Seven reasons you should use Java again

Java deserves another look. Here's why.

O’Reilly is celebrating the release of Java 7, and our inaugural OSCON Java conference: July 25-27 in Portland, Ore.

Java’s back, baby. Of course, lots of us never stopped using Java in the first place, or perhaps we weren’t allowed to. But where platform selection was elective, especially among startups and web developers, alternative platforms have offered more agility and expressiveness over the last 10 years. The likes of PHP and Ruby on Rails enable developers to do a whole lot more with less.

Times change, and 16 years on, this ain’t your father’s Java. Here’s seven reasons you should take another look at Java.

1. You can actually hire engineers

Not to be sniffed at when your Node.js Ninjas and Rails Rockstars get headhunted into the latest impossibly well-funded startup.

2. IDEs take the pain away

Eclipse and NetBeans are astonishingly powerful tools, and can mask some of the admitted horror that is Java API soup. Bend like a reed, admit you can’t know everything, and float downstream on the good ship autocomplete.

3. Language support

You don’t have to write Java to use Java. You can get all the benefits of the portable JVM runtime but scribble away in the familiar environs of Ruby or Python. It can be faster too. And that’s not to mention the newer languages aimed at modern programming such as Scala, Groovy or Clojure.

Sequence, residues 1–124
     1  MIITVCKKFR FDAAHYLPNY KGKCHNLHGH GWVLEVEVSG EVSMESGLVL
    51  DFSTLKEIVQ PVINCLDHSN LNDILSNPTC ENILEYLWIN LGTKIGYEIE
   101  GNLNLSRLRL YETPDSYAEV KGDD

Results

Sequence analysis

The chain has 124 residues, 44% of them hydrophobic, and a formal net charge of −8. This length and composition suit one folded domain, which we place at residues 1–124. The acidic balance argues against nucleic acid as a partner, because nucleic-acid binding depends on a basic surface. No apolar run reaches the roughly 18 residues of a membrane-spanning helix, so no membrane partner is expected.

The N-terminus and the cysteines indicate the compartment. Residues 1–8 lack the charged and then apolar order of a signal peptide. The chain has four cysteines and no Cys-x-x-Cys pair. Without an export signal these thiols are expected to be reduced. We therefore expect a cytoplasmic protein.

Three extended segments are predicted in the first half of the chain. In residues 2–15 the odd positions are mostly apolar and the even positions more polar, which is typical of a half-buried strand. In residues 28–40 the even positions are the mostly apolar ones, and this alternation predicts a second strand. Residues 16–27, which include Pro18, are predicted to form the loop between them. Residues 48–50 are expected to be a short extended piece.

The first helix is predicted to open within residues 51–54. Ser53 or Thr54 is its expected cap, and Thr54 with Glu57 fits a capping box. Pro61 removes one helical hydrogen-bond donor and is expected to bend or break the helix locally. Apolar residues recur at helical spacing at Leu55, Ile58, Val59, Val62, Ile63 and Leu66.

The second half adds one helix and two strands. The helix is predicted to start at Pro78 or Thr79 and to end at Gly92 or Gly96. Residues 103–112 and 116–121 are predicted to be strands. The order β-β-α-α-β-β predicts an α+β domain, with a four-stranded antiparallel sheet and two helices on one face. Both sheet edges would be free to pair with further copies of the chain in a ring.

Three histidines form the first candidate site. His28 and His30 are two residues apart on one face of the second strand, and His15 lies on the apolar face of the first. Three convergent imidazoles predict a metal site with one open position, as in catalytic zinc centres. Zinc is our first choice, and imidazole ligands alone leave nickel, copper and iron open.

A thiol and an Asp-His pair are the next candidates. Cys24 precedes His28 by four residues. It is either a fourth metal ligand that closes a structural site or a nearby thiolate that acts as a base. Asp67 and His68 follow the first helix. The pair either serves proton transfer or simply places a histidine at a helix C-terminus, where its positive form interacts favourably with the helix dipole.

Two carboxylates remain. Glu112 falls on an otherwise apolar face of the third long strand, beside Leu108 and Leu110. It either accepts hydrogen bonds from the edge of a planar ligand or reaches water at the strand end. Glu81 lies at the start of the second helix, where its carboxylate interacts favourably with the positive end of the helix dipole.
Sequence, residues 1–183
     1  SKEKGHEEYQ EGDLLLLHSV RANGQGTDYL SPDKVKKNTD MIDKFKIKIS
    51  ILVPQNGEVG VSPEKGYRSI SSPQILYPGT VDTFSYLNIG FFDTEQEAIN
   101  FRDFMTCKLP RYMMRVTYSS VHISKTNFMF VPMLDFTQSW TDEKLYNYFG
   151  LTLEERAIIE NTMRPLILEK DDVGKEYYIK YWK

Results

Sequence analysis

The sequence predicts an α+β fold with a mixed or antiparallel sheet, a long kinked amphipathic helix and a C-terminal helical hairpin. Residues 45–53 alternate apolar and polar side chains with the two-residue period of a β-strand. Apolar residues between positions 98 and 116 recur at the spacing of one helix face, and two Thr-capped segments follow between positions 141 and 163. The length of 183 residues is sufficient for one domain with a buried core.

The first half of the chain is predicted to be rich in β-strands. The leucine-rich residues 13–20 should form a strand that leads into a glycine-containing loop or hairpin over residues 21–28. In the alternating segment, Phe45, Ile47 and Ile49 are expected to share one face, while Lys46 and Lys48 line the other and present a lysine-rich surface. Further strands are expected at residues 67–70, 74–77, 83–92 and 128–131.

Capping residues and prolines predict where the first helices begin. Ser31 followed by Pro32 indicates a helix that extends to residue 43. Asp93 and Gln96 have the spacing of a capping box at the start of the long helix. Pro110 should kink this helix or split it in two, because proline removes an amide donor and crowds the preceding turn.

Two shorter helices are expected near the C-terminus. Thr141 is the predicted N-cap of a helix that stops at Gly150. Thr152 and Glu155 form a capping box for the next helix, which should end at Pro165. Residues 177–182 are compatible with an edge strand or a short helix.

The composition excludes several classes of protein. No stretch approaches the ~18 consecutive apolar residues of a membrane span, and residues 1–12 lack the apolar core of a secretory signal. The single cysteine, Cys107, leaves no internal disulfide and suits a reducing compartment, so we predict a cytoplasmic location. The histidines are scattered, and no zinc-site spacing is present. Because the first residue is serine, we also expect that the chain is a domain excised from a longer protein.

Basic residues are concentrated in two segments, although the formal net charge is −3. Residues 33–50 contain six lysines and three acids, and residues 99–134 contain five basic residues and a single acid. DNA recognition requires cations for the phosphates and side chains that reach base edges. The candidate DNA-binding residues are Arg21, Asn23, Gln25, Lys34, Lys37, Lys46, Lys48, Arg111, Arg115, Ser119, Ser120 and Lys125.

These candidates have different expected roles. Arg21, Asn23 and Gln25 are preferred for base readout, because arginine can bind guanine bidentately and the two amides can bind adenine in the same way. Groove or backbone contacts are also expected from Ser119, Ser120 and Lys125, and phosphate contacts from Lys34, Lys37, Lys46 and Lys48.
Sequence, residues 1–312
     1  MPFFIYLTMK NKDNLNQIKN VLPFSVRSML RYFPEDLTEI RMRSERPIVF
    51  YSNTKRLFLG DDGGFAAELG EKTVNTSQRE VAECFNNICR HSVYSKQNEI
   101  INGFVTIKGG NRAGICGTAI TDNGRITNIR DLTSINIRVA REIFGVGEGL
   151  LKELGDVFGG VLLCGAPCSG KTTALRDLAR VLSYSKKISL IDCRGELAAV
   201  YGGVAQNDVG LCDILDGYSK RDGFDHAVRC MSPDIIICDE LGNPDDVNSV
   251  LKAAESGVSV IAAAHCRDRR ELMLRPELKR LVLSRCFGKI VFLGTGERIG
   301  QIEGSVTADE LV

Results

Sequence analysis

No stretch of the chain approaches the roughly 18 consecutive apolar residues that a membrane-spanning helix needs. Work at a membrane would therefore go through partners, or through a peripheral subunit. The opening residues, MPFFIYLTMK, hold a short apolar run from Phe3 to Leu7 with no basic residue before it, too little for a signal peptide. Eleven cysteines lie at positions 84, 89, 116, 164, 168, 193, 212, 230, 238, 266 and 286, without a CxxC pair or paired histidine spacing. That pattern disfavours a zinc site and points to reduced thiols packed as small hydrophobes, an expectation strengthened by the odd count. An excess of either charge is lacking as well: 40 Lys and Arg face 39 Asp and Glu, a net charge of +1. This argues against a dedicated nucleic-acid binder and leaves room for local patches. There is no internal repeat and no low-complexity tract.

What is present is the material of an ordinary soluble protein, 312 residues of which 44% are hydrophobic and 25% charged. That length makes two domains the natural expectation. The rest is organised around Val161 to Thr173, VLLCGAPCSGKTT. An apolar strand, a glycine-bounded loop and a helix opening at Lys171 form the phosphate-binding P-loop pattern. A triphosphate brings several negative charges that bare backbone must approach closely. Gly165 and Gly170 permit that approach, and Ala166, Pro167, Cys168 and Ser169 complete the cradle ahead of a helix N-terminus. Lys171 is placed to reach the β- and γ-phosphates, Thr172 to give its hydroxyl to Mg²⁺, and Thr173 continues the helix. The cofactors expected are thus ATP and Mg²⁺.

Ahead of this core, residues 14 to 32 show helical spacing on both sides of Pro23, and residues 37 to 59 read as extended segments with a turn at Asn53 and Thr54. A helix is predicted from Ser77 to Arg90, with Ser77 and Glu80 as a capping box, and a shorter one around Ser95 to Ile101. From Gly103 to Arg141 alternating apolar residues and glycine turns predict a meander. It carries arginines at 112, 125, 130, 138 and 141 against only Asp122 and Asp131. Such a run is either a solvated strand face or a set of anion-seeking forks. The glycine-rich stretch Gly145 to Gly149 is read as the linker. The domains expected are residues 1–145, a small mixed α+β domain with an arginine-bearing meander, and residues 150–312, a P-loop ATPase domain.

OSCON Java 2011, being held July 25-27 in Portland, Ore., is focused on open source technologies that make up the Java ecosystem. (This event is co-located with OSCON.)

Save 20% on registration with the code OS11RAD

4. Android

Who can resist the little green robot? Google made a sensible choice when they chose the Java language to power what’s becoming the world’s dominant mobile phone platform. So, maybe Oracle has a billion-dollar beef with this, but programmers — new and seasoned alike — are picking up Java as mobile becomes the future of consumer software.

5. Everybody else does

Java’s ecosystem is a goldmine. Pretty much everything you want to do, there’s a library for it. Actually, there’s probably an Apache project for it. Very often the lowest impedance way to speak to the rest of the world is via a Java API.

6. It changes slowly

We’re celebrating the release of Java 7 right now. It’s been two years in the making, and frankly, there’s not a whole lot that’s changed for most people. If you can take your finger off the refresh button at Hacker News for more than an hour, any software that lives longer than a year becomes a real pain to maintain when the underlying platform keeps changing. Yes, looking at you, Rails.